For coatable reagent layers, a coating solution or dispersion including the matrix and incorporated interactive compositions can be prepared, coated as discussed herein and dried to form a dimensionally stable layer. The thickness of any reagent layer and its degree of permeability are widely variable and depend on actual usage. Dry thicknesses of from about 10 microns to about 100 microns have been convenient, although more widely varying thicknesses may be preferable in certain circumstances. Fibrous reagent layers can be formed by impregnation of a fibrous matrix, in accordance with well-known techniques.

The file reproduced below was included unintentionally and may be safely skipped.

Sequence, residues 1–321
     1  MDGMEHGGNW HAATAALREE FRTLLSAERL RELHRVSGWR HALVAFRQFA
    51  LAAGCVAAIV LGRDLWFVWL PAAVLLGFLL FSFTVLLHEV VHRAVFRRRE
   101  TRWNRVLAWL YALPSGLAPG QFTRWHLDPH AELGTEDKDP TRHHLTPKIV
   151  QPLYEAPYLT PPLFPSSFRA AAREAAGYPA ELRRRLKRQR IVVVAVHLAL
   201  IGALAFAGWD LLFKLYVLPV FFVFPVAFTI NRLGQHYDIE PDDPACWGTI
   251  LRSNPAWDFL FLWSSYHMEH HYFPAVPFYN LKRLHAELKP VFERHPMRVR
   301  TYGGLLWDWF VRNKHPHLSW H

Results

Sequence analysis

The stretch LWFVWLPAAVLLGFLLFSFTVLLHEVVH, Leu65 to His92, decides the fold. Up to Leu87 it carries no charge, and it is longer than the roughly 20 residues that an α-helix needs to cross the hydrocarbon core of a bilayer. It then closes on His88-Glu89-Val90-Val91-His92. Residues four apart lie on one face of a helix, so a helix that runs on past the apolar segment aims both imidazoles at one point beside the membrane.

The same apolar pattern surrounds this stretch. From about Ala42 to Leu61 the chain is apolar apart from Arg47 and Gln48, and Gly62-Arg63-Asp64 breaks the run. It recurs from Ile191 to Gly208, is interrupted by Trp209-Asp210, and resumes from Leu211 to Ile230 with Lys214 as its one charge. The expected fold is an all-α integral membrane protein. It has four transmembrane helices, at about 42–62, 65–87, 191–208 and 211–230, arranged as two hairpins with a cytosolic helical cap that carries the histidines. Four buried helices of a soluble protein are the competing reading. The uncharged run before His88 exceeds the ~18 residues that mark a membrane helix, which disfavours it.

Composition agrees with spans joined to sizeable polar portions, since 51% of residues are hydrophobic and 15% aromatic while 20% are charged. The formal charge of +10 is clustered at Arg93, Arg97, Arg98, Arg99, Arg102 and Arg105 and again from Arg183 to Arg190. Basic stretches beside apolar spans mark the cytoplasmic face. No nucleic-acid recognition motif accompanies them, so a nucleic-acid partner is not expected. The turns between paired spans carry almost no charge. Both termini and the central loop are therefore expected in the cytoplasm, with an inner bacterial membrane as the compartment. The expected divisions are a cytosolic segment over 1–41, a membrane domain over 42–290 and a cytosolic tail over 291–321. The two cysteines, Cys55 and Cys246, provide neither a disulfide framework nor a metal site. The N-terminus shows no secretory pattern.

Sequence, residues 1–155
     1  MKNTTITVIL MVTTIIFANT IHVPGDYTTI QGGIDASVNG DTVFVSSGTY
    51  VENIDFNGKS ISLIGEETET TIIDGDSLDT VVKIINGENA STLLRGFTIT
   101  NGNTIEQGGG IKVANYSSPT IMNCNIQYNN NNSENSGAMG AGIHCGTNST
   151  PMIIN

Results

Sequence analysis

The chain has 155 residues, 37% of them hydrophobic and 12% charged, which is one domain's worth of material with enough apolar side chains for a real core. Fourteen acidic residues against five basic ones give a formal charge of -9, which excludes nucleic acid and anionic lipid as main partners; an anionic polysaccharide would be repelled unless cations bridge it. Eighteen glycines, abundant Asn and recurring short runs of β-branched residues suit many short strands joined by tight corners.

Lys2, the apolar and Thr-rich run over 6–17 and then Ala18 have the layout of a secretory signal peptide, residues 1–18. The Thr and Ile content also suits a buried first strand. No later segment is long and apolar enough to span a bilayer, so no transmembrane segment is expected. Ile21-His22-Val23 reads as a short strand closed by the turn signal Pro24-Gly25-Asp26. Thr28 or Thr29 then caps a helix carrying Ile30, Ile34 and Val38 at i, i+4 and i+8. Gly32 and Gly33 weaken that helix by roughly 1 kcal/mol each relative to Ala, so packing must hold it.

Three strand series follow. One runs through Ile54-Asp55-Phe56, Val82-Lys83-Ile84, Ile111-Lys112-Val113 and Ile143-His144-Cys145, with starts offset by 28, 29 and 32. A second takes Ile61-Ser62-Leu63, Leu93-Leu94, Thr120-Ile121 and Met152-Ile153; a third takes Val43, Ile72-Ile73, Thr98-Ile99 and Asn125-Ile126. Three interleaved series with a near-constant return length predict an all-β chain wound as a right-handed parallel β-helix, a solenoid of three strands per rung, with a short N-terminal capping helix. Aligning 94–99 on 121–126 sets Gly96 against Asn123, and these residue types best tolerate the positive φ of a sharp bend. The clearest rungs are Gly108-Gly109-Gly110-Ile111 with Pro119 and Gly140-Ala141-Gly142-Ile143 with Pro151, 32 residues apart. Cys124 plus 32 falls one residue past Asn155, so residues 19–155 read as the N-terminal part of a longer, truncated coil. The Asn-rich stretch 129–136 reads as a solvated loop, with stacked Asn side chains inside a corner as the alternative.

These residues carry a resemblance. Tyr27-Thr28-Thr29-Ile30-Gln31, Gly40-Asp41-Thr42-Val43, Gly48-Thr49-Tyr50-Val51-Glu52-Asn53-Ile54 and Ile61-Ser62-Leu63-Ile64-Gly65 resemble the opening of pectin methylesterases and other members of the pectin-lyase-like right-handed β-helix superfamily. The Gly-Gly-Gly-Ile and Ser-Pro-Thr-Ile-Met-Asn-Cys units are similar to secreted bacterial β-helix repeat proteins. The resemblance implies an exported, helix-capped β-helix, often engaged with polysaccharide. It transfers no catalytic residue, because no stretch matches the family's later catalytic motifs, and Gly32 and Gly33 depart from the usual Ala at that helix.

Radiation-blocking layers and registration layers can be prepared using methods and thicknesses as used when preparing coatable reagent layers, but with constituents appropriate for the particular layer. In the case of registration layers, in addition to their permeability and radiation-transmissiveness, they are desirably substantially free from any characteristic that might appear as or contribute to mottle or other noise in the detection of an analytical result produced in an integral element of the invention. For example, any variations in color or in texture within the registration layer, as could occur if fibrous materials, e.g., some papers, are used as a permeable medium, may be disadvantageous due to non-uniform reflectance or transmittance of detecting energy. This is also true regarding layers, e.g., radiation-blocking and reagent layers, of which at least the lower surface would be observable by a detection means examining a radiation-transmissive registration layer. Further, although fibrous materials like filter and other papers are generally permeable overall, some such materials typically can exhibit widely ranging degrees of permeability and may not exhibit uniform permeability, for example, based on structural variations such as fiber dimensions and spacing. As a result, such materials are not preferred in registration layers and other layers of elements of the present invention intended for quantitative analytical work.